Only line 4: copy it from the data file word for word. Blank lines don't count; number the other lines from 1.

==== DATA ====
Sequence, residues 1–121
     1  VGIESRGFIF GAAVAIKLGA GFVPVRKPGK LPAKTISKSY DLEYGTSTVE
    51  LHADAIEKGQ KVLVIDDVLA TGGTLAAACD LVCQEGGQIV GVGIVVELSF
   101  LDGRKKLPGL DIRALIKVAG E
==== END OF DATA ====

   101  LDGRKKLPGL DIRALIKVAG E